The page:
It was Trump who outrageously declared that Syrian refugees could be a “Trojan horse” for terrorism. But every single Republican governor save for Utah’s Gary Herbert has called for barring the refugees from their state.

Minnesota Rep. Keith Ellison, speaking to Chris Hayes this week, warned that Trump is “whipping up hatred to scapegoat a minority religious group, which has some very dangerous historic precedents. It’s the kind of behavior, classic demagoguery, and he’s going to get somebody hurt.”

White supremacist activists, as Evan Osnos reported in the New Yorker, have cheered Trump because he is mainstreaming the sort of xenophobia that is particularly amenable to the current American brand of white supremacy.

The most brazen anti-Black racism is still disallowed in the political mainstream. But the white supremacy that undergirds it has found its voice in xenophobia: Remember the widespread belief, amongst people who may no longer feel comfortable publicly saying the n-word, that Obama is a Muslim born in Kenya.

On Sunday, Donald Trump tweeted an incendiary and totally false graphic positing that the vast majority of both whites and Blacks are killed by Black people. (In fact, the vast majority of white people are killed by white people.) Unsurprisingly, the graphic was first tweeted by a real-life, Hitler-admiring Nazi, according to Little Green Footballs.

As for Carson, he has suggested that the left are “purveyors of hatred” who want to “try to make a race war.” He is beloved most of all for being a Black man who tells white people that other Black people should blame social welfare programs, and not racism, for their failures. “Obamacare is really, I think, the worst thing that has happened in this nation since slavery,” he declared. “It is slavery, in a way.”

By virtue of his skin color Carson offers bigots a sort of funhouse absolution.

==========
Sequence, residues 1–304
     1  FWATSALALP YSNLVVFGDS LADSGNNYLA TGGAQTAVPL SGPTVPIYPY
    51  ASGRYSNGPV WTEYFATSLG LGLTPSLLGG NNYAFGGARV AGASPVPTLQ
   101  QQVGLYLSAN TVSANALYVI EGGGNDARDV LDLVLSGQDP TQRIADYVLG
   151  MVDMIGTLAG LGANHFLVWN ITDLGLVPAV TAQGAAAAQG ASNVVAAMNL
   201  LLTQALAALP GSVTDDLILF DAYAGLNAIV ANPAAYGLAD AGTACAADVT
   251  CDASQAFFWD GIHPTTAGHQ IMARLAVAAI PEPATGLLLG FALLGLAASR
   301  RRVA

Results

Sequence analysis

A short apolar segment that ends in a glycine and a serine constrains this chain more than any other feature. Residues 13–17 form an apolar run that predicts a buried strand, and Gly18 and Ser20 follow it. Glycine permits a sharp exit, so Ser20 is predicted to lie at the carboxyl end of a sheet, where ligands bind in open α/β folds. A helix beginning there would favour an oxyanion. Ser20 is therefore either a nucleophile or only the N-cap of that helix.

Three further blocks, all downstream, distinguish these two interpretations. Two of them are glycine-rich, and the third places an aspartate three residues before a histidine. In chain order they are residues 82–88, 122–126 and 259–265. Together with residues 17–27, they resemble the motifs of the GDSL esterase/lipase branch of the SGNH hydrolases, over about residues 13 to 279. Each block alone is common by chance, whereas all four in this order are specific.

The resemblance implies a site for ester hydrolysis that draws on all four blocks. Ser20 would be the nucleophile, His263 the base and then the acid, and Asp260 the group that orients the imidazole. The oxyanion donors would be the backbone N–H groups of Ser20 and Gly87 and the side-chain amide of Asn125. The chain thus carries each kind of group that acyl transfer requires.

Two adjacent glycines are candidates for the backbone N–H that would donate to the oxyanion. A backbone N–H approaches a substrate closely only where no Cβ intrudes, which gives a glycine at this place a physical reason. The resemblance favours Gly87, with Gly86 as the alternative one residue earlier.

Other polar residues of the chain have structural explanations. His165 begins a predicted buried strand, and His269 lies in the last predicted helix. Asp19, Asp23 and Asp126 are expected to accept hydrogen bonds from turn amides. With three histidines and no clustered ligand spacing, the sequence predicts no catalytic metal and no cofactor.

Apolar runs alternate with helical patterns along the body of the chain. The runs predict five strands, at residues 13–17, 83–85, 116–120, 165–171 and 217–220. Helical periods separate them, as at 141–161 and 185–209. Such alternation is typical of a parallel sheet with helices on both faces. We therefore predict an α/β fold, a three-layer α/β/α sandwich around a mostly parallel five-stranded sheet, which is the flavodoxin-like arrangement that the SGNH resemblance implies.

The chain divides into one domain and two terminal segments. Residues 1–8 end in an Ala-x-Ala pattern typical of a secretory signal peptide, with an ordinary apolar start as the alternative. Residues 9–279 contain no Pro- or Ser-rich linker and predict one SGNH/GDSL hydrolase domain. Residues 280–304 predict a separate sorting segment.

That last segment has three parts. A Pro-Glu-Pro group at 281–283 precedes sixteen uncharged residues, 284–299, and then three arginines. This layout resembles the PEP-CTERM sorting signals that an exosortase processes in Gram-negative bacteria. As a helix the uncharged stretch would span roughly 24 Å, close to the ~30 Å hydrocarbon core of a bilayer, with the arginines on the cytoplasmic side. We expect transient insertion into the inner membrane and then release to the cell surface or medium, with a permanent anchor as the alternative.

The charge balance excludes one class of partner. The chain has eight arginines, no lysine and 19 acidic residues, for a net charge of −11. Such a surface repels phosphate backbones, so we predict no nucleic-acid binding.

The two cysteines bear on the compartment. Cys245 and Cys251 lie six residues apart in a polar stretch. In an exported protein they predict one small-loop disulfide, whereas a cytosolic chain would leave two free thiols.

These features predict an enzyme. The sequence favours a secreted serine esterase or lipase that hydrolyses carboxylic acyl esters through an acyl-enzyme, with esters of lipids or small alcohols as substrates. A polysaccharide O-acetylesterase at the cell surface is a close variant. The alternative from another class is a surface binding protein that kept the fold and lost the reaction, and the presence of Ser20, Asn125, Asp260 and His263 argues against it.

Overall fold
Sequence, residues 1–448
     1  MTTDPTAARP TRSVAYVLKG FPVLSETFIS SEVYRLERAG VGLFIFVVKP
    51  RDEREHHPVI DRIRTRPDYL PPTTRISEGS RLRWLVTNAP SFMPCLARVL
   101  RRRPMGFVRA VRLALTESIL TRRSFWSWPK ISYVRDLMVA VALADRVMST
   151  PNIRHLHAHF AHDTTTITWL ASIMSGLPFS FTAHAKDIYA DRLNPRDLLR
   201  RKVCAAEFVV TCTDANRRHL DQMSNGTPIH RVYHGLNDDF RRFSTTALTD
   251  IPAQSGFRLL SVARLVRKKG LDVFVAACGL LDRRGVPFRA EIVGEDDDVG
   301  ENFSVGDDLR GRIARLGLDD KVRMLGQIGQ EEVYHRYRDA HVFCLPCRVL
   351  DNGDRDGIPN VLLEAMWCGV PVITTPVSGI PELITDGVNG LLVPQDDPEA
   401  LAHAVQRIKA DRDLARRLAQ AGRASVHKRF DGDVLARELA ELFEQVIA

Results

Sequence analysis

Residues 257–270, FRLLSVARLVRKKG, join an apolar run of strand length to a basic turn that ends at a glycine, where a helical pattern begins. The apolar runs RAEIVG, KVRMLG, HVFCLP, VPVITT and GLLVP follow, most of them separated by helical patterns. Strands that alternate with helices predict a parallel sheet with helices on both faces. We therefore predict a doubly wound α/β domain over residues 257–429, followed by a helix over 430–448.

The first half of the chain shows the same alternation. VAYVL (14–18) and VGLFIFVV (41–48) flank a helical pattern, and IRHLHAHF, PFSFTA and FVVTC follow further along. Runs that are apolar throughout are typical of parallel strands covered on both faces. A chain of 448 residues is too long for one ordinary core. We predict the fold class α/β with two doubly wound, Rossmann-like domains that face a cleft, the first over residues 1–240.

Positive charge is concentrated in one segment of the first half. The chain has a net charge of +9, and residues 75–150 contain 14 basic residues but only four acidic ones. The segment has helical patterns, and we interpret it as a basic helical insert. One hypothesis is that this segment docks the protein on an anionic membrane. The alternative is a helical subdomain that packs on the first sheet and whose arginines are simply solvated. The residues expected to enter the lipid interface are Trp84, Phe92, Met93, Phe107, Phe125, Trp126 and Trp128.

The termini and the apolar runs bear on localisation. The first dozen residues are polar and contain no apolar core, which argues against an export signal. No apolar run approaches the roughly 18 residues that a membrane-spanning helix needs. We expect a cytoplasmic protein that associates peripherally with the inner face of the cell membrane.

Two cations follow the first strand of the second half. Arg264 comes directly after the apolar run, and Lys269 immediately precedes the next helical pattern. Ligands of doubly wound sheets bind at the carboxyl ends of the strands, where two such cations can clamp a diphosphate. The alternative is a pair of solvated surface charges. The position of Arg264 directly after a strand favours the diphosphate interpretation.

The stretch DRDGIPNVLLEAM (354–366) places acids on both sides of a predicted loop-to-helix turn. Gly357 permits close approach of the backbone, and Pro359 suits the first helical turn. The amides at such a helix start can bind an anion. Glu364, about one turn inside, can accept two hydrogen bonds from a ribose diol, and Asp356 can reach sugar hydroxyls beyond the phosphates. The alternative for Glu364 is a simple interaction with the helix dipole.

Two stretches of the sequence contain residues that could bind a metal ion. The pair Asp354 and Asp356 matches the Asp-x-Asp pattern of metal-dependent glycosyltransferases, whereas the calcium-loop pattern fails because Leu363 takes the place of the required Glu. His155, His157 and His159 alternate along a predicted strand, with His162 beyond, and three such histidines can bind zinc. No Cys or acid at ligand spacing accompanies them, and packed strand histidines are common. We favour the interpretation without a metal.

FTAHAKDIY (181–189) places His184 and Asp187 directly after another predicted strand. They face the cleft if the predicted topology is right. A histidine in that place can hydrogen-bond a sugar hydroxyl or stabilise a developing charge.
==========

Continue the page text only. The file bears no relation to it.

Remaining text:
The Black Lives Matter movement, like the Syrian refugee crisis and Latino immigration, are the crucible of the contemporary American white supremacy.

Conservatives profess the existence of the so-called “Ferguson effect,” which posits that crime has spiked because protesters have made police too afraid to do their jobs, but which has no evidence basis in reality. There is also idea of a War Against Police, personified by the Illinois cop believed to be murdered but who actually committed a carefully staged suicide in the face of very serious legal troubles of his own. There was the man who shot and killed two NYPD officers last year. In reality, he was no political militant but rather a man with a history of mental illness whose life was imploding. He shot his ex-girlfriend in Maryland before making his way to New York.

Things in the United States and throughout the world are going pretty terribly for a lot of people, as living wage jobs evaporate, prisons are overflowing, and global warming threatens to wipe out human civilization as we know it. But many find it easier to find an embodied demon to blame, from those who have had their way of life overturned by economic crisis to those who exercising a paranoid grip on their political and economic power.

The explosion of brazen racism on the right is not only dangerous but distracting. Extremist politics, and the reaction to it, crowds out discussion of structural problems like poverty and mass incarceration. Every minute spent reading about Trump’s idiocy is time not taken reflecting upon the fact that 22-percent children lived below the poverty line in 2013, according to USA Today, a situation more than twice as likely to befall children who are Black.

The media and public have limited bandwidth for multiple crises. There now seems to be a widely shared assumption that national security alone must dominate the stage.

“Senator Sanders, you said you wanna rid the planet of ISIS. In the previous date you said the greatest threat to national security was climate change,” reporter John Dickerson asked Sanders in the last Democratic debate. “Do you still believe that?”

The mainstreaming of extremism also eases the way for establishment candidates like Hillary Clinton, who might even support such policies.

“I have just one word for Mr. Trump: Basta,” Clinton said recently, hoping her words would paper over her own support for border militarization. “Enough is enough. He’s been trafficking in prejudice and paranoia and it’s bad for our politics and bad for our country.”


By: Daniel Denvir